Franz Kafka, once said; “you need not leave your room, remain sitting at your table and listen, you need not even listen, simply wait, you need not even wait, just learn to become quiet, still and solitary. The world will freely offer itself to you to be unmasked. It has no choice it will roll in ecstasy at your feet.”While this may seem dubious, not thinking is actually a way to come up with ideas. Metaphysics will explain that within that gap of silence the limited mind is connected to a store of knowledge that is limitless. Leonardo da Vinci is said to have sat for a long while before starting work in his studio. All great innovators seemed to have worked with this limitless store. Leonardo Da Vinci confirmed this when he said; “there is no art where spirit and hand doesn’t work together.” Kafka seemed to have pointed out the way to conception with as much brevity as possible; Learn to sit still and the universe will unravel itself to you. Experiment with this idea. And you’ll know it’s true. The question albeit is how we make this experience more spontaneous.

Your mind is an incubator. Raw data triggers inspirations.

Joe Sugarman one of the most famous copywriters in the world in his handbook for copywriters said the mind is an incubator. After collecting all the necessary information about a product, his first copy is an outpour of all the feelings he has connected with the product, and it usually doesn’t read good. What he does next, is to leave that copy in his drawer and allow his subconscious to work with the raw data penned down. Sometimes he will be walking in a park, or having fun with his family, or it could be right after a nap, when the flow will hit him. This is when he comes up with the copy that sells. Henri Poincaré once said; “I value sleep, as a time for unconscious thought that helps me break through problems.” The mind has an ability to work with raw facts, especially at the state of rest. It is able to make sense of totally divergent ideas, connect pieces and bits of information to create brilliant ideas. This is the power of the unconscious, and the reason it is more powerful is that it works without any set limitations.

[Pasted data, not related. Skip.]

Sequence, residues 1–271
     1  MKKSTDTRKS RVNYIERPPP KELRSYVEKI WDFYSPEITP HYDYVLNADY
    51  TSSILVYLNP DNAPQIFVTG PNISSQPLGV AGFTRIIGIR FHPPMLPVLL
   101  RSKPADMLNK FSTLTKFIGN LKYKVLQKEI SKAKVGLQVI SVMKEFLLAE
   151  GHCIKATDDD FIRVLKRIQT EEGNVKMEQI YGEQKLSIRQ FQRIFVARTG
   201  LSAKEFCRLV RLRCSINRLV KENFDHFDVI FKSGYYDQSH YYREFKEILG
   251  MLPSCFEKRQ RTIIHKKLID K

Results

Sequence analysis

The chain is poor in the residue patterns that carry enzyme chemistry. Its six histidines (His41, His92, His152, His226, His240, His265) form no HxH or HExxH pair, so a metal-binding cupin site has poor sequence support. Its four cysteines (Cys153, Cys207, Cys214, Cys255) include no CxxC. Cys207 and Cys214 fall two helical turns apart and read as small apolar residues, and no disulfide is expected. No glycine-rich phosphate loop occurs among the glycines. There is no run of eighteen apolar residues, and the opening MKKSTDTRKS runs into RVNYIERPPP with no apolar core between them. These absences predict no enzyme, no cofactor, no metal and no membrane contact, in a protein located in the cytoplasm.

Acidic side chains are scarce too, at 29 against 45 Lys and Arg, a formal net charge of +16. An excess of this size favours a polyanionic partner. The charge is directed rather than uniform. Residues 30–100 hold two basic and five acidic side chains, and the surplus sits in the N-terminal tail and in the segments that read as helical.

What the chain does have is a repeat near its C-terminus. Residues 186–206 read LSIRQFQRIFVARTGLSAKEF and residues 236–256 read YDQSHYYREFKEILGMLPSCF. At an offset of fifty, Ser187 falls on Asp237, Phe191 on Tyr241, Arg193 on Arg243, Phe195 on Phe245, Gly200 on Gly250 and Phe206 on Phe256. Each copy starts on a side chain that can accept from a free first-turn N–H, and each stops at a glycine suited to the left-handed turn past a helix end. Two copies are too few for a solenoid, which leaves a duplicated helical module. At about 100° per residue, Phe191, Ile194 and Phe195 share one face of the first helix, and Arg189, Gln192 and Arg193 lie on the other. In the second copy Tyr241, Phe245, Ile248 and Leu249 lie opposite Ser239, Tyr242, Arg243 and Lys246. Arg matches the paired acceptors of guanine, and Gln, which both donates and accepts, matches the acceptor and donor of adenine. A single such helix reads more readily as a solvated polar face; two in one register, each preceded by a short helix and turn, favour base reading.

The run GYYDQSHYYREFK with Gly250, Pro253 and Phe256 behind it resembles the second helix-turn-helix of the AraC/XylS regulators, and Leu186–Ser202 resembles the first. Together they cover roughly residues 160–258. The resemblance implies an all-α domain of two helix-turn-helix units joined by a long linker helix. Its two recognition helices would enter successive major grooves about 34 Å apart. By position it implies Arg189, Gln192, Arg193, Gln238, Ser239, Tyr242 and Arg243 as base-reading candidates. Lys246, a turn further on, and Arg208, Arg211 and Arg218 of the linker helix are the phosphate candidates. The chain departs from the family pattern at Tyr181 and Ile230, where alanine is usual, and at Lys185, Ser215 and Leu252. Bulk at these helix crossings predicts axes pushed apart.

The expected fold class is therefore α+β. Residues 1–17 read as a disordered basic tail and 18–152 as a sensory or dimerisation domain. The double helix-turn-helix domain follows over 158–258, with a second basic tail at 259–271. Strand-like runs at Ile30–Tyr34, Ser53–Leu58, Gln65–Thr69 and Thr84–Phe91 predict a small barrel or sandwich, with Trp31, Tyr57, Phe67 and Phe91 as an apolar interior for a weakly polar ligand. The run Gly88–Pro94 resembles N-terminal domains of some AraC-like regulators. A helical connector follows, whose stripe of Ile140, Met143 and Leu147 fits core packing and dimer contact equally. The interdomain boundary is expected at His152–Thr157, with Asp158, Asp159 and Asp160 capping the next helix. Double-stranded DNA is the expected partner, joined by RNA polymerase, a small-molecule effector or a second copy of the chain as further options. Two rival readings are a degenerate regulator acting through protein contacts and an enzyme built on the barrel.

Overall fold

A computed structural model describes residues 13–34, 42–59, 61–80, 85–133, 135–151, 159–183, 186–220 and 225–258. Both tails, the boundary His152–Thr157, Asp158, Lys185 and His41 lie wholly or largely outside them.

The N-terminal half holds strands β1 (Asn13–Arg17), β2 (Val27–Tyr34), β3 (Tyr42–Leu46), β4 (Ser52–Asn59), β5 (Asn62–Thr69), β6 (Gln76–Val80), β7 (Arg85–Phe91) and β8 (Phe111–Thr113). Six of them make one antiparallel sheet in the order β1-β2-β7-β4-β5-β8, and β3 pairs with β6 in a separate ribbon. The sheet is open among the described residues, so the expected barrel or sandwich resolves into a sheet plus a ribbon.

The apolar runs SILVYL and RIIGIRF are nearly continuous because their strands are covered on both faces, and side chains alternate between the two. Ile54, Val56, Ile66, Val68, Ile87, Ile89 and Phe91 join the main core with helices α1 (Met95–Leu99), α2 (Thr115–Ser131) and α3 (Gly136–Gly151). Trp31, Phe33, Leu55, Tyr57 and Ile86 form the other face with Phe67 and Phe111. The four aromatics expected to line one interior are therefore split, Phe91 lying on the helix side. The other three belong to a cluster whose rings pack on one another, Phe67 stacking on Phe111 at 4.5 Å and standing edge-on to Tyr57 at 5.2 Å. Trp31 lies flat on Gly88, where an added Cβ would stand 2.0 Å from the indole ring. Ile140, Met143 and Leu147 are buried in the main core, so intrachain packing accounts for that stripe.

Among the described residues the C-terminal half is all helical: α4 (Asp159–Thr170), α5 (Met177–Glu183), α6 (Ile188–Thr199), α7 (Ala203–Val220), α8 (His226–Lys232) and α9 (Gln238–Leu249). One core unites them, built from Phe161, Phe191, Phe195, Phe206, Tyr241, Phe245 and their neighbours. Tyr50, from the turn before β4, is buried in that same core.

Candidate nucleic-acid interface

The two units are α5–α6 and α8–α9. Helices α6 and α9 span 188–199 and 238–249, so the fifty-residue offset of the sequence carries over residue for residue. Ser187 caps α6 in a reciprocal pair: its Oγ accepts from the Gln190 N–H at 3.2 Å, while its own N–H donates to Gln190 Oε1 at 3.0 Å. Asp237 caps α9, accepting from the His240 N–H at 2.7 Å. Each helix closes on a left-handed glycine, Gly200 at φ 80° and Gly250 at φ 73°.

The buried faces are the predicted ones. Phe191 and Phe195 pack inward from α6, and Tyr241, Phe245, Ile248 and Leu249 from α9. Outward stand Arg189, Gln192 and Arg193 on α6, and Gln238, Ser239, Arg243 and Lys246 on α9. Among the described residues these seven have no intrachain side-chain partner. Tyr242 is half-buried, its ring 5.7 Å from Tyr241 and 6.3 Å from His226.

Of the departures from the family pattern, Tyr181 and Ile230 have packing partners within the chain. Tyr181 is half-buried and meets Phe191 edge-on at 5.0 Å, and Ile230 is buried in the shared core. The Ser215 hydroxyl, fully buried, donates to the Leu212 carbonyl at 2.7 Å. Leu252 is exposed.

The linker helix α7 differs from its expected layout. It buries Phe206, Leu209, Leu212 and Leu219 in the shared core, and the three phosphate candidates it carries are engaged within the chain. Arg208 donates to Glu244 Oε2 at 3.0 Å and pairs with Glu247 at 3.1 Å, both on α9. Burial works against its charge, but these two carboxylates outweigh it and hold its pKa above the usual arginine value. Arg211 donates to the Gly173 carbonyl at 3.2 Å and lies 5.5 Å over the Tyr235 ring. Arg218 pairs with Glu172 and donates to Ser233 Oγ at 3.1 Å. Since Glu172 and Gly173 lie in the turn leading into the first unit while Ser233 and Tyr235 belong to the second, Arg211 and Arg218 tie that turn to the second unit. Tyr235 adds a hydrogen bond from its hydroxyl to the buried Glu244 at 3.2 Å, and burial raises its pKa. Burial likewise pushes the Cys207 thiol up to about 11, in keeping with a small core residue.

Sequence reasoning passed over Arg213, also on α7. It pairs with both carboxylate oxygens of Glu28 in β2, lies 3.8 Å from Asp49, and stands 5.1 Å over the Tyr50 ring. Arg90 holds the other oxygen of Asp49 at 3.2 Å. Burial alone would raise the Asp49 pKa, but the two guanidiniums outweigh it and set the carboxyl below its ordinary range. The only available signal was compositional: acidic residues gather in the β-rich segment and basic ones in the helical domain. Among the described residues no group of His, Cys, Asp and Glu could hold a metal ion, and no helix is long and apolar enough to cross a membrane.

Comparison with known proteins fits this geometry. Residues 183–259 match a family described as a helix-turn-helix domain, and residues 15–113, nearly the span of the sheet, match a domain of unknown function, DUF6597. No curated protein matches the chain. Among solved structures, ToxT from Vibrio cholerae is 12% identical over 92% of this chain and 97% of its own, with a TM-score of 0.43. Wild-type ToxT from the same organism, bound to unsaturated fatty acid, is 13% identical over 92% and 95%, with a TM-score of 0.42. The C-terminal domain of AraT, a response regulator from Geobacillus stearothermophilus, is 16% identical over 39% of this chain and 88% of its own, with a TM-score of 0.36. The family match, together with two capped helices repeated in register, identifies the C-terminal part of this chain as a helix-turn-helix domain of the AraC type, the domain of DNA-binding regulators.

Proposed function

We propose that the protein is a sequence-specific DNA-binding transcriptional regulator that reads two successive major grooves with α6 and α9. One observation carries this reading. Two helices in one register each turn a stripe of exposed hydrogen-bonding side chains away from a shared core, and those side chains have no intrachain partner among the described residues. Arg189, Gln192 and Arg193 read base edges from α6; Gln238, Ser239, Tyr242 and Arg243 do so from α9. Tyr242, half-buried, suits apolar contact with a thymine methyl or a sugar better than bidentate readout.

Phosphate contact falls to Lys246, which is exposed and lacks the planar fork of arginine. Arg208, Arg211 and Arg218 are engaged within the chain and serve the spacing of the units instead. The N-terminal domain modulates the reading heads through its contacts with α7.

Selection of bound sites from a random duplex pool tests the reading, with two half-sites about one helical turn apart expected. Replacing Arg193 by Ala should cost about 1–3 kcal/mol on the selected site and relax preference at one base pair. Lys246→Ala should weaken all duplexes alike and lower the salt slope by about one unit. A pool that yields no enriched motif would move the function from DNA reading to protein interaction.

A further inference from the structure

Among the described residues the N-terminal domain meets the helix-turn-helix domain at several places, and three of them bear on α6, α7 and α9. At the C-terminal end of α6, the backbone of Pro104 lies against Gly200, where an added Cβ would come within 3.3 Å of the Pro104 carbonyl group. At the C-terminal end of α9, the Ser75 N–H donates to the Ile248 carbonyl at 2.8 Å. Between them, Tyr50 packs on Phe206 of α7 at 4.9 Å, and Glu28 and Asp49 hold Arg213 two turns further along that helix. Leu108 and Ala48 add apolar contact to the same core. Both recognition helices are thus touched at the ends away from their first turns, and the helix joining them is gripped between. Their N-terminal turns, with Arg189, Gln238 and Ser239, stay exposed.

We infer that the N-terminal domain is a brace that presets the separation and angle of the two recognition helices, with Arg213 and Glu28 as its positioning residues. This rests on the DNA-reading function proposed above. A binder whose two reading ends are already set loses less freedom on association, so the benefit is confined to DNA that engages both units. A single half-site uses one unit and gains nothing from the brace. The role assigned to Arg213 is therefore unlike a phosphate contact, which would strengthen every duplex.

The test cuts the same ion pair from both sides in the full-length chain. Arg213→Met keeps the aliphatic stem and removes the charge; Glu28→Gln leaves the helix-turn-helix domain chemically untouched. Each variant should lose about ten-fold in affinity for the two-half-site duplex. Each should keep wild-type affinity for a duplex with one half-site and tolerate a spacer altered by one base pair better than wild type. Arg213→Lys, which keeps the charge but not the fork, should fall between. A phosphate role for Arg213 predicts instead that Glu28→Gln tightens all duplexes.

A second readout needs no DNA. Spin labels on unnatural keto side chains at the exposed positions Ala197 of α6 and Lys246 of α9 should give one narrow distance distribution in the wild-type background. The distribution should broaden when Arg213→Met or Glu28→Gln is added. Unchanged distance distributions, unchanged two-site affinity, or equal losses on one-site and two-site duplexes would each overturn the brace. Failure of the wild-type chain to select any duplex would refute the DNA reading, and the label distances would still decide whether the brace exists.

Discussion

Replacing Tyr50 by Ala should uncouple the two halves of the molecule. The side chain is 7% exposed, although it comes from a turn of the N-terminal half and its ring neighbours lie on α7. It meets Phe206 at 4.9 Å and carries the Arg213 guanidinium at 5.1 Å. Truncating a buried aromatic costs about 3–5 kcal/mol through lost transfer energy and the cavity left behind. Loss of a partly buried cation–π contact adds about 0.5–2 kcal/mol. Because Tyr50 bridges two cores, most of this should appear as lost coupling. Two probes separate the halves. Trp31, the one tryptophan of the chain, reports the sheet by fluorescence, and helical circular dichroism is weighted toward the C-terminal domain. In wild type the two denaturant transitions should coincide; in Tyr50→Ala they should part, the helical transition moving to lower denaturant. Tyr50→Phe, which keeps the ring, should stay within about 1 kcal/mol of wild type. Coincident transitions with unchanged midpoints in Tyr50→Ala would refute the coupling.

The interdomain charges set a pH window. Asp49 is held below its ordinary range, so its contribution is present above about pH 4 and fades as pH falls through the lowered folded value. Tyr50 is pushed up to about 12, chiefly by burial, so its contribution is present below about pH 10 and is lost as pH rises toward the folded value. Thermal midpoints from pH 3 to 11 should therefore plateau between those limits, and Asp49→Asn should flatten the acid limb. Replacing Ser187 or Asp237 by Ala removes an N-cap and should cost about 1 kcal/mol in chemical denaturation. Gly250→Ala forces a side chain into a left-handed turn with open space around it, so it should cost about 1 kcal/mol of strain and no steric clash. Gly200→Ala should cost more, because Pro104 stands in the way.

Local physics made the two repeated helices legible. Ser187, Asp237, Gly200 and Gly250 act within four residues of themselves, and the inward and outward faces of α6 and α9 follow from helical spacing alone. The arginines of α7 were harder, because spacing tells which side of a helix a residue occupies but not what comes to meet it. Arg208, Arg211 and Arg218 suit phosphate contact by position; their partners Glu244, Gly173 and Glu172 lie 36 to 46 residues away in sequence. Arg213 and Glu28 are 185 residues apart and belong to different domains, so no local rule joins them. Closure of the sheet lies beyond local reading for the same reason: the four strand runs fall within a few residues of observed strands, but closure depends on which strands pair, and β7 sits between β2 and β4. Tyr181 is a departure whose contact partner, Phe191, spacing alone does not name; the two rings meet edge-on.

How to make your unconscious more spontaneous.

*Keep track of your of inspiration.

It is essential that you keep track of your source of inspiration. Many ingenious people know what inspires them; they have a source of inspiration. Your source of inspiration could be a particular place, mood, environment, moments, music, movie, a genre of books or just any good writing. To know this for sure, it is important you keep a journal of moments when you have an inspired thought. State in your journal the place, time, and the environment in which the idea came to you.

*No idea is bad enough.

Two totally divergent ideas, often come together to make up a wonderful idea. Make it a habit to note any idea that comes to you. Always have a small pad in hand to note the “seemingly- trivial” ideas. Great ideas usually come in bits and you can never tell which two awkward ideas can come together to make all the difference.

*Keep stuff that inspire you.

It is also a good idea to have a library where you keep stuff that inspire you. This could include an artifact, an article you clipped from a newspaper or magazine, a book, a movie, a certain track or album, just anything! Generally make it a habit to keep a store of items that inspire you in any way. These items will act as your triggers to many more wonderful ideas.

It will be interesting for you to note that many geniuses did these things. Leonardo had many notebooks in which he kept drawings and inspired thoughts. Galileo, Einstein and all the great innovators of our time did what has been suggested above. In an interview with David Adjaye, the Ghanaian-British “starchitect”, he mentioned that he had ‘junk’ that generally inspired him in a certain way. Well, that ‘junk’ is a sure way to get inspired in the near future.

Cassie said thanks.

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Samuel Alomenu

I write. I sketch. I mull over things and I think about alternatives. @sammidelali